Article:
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No reinstatement for Big Mac eater

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HC Online | 13 Feb 2013, 12:00 AM Agree 0
A CSIRO worker has been denied his request for reinstatement, following his resignation after using a company car to go through a fast food drive-thru.
  • Peter | 13 Feb 2013, 04:26 PM Agree 0
    I am seriously happy that the workmates aren't mine. With mates like that you don't need enemies, or else they were seriously cheesed off with him for other reasons. This is bureaucracy gone mad. If he had stopped for petrol and bought a coffee and pie while there I assume it would have been OK. I don't think I would bother with the company car. Drive your own and claim mileage.
  • Karen | 13 Feb 2013, 06:09 PM Agree 0
    Unbelievable.. All that time money and drama for how much potential fringe benefits tax and after 10 years of service' .. Remind me of the benefits of creating that drama.. Oh none! Thought so
  • July | 14 Feb 2013, 09:03 AM Agree 0
    Been there, done that. If your not the CEO's buddy....look out for the redundancy package or the faults that they will find about you.....workmates like this you don't need them in your life !!!
  • Rach | 14 Feb 2013, 09:24 AM Agree 0
    Seriously, so what if he stopped for a burger? Maybe he was hungry? Maybe he forgot his lunch? Hardly a serious misdemeanor; a brief chat and reiteration as to why it's not ok should usually suffice. But for him to feel as though he had to resign, I can imagine that the internal investigation must have been a little intimidating...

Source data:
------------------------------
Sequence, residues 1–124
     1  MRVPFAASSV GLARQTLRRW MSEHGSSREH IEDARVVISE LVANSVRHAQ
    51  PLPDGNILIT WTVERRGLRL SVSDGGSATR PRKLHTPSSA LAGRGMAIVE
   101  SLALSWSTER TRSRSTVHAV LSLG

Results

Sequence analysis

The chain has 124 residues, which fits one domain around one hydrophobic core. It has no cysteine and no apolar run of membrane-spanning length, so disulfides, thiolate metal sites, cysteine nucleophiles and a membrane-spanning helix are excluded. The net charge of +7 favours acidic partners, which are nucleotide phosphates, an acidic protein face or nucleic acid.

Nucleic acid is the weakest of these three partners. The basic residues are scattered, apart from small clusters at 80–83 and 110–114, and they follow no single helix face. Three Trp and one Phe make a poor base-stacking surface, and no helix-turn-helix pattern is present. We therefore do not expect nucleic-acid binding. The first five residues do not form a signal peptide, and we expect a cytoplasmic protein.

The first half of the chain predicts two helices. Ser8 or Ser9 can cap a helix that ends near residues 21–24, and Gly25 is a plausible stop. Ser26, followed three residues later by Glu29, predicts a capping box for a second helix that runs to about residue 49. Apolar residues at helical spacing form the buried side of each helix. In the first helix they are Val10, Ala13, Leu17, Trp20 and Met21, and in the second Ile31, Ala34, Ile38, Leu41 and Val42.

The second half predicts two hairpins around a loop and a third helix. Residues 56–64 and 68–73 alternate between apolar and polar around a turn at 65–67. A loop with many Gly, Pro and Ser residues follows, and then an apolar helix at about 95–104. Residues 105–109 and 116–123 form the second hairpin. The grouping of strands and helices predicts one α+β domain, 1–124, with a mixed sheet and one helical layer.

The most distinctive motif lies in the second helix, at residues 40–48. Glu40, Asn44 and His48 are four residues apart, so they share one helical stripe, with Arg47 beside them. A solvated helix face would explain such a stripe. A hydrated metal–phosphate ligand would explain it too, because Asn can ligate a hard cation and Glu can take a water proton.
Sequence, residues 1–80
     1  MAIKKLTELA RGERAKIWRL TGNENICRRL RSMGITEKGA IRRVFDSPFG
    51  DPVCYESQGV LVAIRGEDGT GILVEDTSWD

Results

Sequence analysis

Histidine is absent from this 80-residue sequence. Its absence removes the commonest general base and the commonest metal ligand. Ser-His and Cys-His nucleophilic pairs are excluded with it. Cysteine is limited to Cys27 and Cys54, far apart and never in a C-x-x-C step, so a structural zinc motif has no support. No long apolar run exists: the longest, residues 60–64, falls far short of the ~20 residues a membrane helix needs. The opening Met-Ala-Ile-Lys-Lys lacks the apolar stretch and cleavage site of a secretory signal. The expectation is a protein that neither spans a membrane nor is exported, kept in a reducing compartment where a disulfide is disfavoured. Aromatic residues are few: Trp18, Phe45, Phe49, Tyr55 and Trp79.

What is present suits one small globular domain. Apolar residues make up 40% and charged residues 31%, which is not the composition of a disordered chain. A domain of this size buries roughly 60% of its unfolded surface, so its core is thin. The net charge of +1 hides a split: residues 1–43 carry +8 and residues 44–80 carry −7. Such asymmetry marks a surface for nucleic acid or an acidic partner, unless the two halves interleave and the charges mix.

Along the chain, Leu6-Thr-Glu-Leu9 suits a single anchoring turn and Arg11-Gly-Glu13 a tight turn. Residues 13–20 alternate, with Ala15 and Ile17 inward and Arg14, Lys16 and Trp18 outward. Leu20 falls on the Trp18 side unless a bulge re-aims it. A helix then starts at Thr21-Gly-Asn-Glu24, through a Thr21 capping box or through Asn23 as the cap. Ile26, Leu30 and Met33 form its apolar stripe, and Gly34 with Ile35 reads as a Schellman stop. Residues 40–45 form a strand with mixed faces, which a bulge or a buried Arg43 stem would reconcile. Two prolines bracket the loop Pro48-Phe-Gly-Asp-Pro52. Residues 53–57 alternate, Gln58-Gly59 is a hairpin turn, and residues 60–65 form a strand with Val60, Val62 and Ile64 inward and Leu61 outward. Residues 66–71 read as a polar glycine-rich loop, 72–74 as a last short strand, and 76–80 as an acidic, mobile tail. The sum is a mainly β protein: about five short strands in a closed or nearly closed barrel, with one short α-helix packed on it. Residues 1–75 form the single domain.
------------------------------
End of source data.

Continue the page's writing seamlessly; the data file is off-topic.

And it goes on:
As far as FBT goes, couldn't this come under 'minor/infrequent' use? I'm assuming he didn't travel 100's of klms, there are McDonalds everywhere. Poor guy, he's probably better off not working for the CSIRO if they're so up-tight. How on earth can employees be creative if they get in trouble for such a minor thing?
  • Anthony | 14 Feb 2013, 07:07 PM Agree 0
    I'll remember to skip past any CSIRO job adverts...

    Stories like that help one understand why militant unionism was the predominant work environment / ethic in Australian industry and commerce, until the early 1980's and shouldn't be condemned.

    Employers and worse: fellow employees, can now practice this kind of harassment with impunity...
  • Christopher Gillis-Daley | 18 Feb 2013, 03:57 PM Agree 0
    Any employee who has to stop for a big mac while on a routine work trip obviously is either obese and/or has extreme self control issues. This was most likely just the latest in a long line of performance related issues which are unfortunately common place among workers who are above the healthy BMI range.

    Lets not be too hasty in judging the CSIRO.
  • Irene | 19 Feb 2013, 04:06 PM Agree 0
    I was not aware that a link has been identified between performance related issues and workers who are above the healthy BMI range.
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